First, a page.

The CRTC has announced lower wholesale bandwidth rates, allowing smaller ISPs to resell Internet access more competitively.
"As the demand for faster broadband speeds grows, we are putting measures in place to ensure Canada's Internet market remains dynamic," said Ian Scott, Chairperson and CEO of the CRTC. "The final rates we set today will foster increased choice at more affordable prices while encouraging a more robust and competitive marketplace across Canada."
Major line-owning telcos have for years been required to offer bandwidth at wholesale rates. This enables smaller and regional service providers to create different pricing packages, increasing consumer choice, and keeping the Internet market competitive. However, smaller ISPs have long contended that these wholesale rates were not low enough to let them compete effectively.
In 2016, CRTC found that the wholesale rates proposed by telcos "were not just and reasonable." So they set revised "interim" rates. that applied to Bell Canada, Cogeco, Bell MTS, Rogers, SaskTel, Shaw, Telus, Videotron and Eastlink.
The CRTC explains that wholesale rates are specified in two ways. A ‘capacity' rate applies to data used by a small competitor's subscribers. An ‘access' rate simpoly covers the basic smaller ISP's connection to a telco's networks. The new monthly capacity rates announced yesterday were 15% to 43% lower than the previous interim rates, and access rates were 3% to 77% lower. These new rates apply retroactively back to 2016.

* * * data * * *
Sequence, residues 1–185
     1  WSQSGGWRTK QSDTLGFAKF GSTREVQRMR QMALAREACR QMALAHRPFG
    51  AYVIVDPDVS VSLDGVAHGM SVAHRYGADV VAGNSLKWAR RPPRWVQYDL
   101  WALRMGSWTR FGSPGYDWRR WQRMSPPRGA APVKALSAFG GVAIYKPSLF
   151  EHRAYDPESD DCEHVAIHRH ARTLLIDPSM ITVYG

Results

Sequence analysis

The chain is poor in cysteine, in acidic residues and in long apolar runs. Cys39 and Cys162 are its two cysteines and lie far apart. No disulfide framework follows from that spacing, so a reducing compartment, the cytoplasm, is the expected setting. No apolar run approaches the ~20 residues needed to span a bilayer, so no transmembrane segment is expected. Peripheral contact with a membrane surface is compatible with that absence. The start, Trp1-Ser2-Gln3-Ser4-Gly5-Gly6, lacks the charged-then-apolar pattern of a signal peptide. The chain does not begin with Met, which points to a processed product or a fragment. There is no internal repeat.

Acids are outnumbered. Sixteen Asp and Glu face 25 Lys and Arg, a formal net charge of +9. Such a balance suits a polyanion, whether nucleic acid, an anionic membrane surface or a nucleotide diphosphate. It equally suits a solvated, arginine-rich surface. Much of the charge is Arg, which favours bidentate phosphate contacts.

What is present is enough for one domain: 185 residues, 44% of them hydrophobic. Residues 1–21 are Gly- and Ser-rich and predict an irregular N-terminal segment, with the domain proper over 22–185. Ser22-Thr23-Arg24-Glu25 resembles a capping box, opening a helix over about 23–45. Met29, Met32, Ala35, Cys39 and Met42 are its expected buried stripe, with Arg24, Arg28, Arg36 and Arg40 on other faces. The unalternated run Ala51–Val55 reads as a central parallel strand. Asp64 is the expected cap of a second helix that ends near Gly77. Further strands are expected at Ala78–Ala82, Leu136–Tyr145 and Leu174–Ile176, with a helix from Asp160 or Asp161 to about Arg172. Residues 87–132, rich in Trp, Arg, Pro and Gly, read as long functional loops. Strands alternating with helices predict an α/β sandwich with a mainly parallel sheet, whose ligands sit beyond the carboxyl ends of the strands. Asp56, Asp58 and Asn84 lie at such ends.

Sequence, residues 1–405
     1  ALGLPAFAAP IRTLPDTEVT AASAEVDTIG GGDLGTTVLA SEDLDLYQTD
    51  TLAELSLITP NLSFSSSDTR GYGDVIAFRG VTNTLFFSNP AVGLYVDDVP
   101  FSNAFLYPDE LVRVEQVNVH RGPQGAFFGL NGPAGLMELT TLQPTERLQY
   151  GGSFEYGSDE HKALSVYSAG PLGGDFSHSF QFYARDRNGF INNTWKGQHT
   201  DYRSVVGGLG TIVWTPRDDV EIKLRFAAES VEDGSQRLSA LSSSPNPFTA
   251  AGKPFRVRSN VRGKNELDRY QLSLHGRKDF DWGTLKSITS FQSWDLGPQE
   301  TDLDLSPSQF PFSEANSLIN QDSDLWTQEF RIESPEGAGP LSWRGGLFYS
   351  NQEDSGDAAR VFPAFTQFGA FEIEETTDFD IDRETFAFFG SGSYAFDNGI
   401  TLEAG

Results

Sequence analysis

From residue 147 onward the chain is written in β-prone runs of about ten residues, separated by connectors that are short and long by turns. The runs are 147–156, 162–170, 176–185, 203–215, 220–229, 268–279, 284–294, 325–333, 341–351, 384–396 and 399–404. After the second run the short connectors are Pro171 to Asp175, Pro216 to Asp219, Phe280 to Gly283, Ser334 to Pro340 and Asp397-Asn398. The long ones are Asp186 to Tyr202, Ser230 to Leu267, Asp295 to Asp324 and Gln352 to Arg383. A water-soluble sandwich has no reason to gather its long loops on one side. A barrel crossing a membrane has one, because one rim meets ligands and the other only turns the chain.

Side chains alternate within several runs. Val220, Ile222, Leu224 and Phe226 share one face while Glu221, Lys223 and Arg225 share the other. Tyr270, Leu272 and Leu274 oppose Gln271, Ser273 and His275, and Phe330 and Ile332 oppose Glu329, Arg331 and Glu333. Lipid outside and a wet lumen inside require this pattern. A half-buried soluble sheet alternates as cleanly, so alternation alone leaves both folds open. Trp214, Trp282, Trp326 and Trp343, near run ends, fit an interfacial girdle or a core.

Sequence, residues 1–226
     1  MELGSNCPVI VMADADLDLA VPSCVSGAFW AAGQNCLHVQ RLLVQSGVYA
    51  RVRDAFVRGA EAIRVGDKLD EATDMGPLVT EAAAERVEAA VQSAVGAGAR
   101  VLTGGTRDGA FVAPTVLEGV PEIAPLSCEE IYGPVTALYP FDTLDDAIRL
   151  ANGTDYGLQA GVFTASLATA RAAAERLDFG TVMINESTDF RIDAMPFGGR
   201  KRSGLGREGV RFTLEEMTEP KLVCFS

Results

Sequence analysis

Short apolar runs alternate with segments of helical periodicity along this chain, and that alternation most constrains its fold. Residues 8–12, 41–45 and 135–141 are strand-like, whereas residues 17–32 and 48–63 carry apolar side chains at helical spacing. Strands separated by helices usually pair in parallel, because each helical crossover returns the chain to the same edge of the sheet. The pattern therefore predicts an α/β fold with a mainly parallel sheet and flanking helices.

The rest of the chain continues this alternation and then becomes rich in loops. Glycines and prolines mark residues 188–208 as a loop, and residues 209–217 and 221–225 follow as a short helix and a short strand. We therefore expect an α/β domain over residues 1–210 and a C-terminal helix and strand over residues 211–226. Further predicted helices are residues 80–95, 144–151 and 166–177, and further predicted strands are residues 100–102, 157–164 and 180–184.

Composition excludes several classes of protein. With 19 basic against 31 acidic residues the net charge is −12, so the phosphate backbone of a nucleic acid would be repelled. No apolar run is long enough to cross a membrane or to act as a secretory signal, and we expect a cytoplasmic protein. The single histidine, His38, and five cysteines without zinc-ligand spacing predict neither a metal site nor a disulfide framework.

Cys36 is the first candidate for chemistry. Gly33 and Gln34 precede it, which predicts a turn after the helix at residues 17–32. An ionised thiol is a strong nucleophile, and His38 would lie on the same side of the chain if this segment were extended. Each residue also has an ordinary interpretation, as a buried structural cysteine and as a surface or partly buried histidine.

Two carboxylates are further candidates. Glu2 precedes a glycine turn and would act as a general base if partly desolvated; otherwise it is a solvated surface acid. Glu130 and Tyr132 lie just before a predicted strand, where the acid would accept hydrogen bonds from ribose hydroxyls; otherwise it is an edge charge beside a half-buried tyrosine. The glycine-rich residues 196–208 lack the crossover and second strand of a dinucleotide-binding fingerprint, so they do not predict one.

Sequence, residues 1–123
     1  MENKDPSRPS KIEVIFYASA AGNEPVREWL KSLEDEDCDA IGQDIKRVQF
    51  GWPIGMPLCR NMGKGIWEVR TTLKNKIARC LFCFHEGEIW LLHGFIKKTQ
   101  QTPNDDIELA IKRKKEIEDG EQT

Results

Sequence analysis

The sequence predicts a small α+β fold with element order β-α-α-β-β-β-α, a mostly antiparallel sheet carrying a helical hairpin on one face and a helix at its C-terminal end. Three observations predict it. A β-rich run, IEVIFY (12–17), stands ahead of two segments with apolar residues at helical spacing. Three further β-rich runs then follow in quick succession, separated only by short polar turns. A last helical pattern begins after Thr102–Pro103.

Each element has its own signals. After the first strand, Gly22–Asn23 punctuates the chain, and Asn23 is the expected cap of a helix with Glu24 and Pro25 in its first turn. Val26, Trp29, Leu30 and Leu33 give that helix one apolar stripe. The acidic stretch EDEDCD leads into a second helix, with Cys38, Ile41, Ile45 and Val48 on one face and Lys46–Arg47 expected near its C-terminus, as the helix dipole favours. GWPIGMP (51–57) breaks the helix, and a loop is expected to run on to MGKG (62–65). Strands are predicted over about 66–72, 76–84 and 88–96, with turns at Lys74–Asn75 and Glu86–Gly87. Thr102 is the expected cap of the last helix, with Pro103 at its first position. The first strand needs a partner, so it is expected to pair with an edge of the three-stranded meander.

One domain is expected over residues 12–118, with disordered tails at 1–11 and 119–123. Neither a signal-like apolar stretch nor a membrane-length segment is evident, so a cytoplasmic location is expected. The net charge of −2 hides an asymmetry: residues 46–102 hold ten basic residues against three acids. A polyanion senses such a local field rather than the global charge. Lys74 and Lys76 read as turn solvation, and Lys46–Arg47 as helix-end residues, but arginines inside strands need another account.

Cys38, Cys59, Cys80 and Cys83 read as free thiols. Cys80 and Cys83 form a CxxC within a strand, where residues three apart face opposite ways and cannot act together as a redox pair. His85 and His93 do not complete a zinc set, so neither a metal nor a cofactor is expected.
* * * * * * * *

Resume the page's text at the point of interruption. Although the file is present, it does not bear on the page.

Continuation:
The CRTC continues to work on final rates, as well as on terms and conditions for ‘disaggregated' high-speed access in Ontario and Quebec. These are expected in 2020 or 2021. Disaggregated rules would require telcos to charge only for access, provided the connection was made at the telco's central office (CO) or ‘head-end.' The new rules are also expected to mandate resale of access over the fastest fibre-to-the-premises (FTTP) infrastructure.
Smaller service providers TekSavvy and Distributel swiftly announced their approval of the CRTC decision.
"Today's decision by the CRTC is great for Canadian consumers," said Matt Stein, CEO, Distributel Communications Ltd. "By correcting the wholesale rates and lowering them to a fair and reasonable level, the CRTC is opening the door for the industry to innovate and offer great services at fair prices. Canadians benefit from decisions like this one, and we applaud the CRTC for taking such dramatic steps,"
"For years, incumbent carriers inflated their wholesale rates and, as a result, TekSavvy and other competitive Internet service providers struggled to compete," said Andy Kaplan-Myrth, VP, Regulatory and Carrier Affairs. "This decision is one important step toward a fair framework for wholesale-based competition, and TekSavvy looks forward to continuing to fight for FTTP services and a level playing field for service quality."